A good guide for us when we feel like a battle needs to be waged with a brother or sister in Christ is to ask ourselves the question, ‘Am I excited about this battle or, weeping over it?’ If I am excited, my motives are not right. Sometimes, we are glad that someone’s sins are found out. When sin is found, we feel like we are justified in not liking someone. We are glad that we will not have to deal with them any longer. When we are truly in a battle for the Lord, we are continually asking Him to bring them to repentance so that the battle will not have to be fought. We are not excited; we are weeping. We are in mourning over the loss of a fellow believer. We want them to still be part of the fellowship and are devastated that they refuse. We have got to be in continual communication with God, asking Him what the right plan of action is for the moment.

The really encouraging thing about being in a battle is that when the battle is the Lord’s, ultimate victory is assured. Psalm 18:18-19 says, “They confronted me in the day of my calamity, but the LORD was my stay. He brought me forth also into a broad place; He rescued me, because He delighted in me.” When we fight the Lord’s battle, the outcome is in His hands. He is delighting in us because we are looking to Him for our tactics, timing and results. We are not concerned with what someone else is doing on their battlefield because we are focused on what our Commander would have us to do.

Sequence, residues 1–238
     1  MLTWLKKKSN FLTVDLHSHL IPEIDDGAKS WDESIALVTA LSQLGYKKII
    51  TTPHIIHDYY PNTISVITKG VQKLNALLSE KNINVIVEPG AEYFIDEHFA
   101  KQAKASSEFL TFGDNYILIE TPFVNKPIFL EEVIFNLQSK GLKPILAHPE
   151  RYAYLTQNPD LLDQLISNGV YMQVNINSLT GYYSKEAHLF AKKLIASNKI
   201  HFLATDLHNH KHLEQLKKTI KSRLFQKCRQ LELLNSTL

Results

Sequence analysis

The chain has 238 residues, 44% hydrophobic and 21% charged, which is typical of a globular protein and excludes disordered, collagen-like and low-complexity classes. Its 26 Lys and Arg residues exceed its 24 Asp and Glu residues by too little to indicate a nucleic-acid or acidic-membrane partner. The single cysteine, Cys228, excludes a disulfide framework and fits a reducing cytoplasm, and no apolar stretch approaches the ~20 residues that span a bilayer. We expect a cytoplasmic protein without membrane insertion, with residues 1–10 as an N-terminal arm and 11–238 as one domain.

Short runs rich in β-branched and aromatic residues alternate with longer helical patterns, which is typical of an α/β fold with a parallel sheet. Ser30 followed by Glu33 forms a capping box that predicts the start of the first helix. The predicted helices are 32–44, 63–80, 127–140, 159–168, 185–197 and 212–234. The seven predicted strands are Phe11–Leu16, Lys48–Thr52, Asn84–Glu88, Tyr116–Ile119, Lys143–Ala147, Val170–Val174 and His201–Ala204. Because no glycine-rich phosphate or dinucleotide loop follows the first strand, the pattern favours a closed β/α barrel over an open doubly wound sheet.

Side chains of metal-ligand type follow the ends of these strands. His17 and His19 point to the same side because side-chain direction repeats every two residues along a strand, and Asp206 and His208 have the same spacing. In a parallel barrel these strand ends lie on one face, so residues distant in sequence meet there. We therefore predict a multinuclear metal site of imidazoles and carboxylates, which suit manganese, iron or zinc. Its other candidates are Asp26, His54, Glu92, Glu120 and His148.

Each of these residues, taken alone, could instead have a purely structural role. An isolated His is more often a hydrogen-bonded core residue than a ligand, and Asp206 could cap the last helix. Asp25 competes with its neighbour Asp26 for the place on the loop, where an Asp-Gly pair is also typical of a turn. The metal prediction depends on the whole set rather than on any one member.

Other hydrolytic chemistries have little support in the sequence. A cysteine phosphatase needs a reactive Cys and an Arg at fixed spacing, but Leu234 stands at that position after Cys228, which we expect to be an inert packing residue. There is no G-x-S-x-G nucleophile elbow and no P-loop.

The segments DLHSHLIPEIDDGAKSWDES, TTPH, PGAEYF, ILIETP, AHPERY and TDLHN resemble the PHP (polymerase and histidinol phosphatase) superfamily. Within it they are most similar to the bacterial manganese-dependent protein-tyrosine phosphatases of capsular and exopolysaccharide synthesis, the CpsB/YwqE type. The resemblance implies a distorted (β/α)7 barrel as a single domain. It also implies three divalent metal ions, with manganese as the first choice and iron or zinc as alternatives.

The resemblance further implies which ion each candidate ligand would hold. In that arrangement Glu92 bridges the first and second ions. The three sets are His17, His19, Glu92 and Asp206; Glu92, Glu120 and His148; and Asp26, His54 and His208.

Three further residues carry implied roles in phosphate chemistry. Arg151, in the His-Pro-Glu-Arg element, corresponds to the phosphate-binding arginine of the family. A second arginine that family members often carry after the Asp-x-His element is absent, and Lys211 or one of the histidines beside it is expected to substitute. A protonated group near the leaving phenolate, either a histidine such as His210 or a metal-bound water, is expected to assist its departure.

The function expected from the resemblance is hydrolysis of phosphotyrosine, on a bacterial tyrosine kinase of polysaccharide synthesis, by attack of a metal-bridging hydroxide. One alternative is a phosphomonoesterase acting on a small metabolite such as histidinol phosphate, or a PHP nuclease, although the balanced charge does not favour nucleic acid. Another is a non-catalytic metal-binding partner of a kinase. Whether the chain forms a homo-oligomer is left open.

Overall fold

The results? “For by Thee I can run upon a troop; and by my God I can leap over a wall.” We have empowerment that we never dreamed because we are filled with Him. His power is our power because His desires are our desires.

“Do you not know? Have you not heard? The Everlasting God, the LORD, the Creator of the ends of the earth does not become weary or tired. His understanding is inscrutable. He gives strength to the weary, and to him who lacks might He increases power. Though youths grow weary and tired, and vigorous young men stumble badly, yet those who wait for the LORD will gain new strength; they will mount up with wings like eagles, they will run and not get tired, they will walk and not become weary,” Isaiah 40:28-31.

Be encouraged today that even in the midst of a battle, if it is the Lord’s, ultimate victory will happen. Don’t look around at the devastation, look to your Savior. He is there and He is winning. Rest in Him. He’s got this.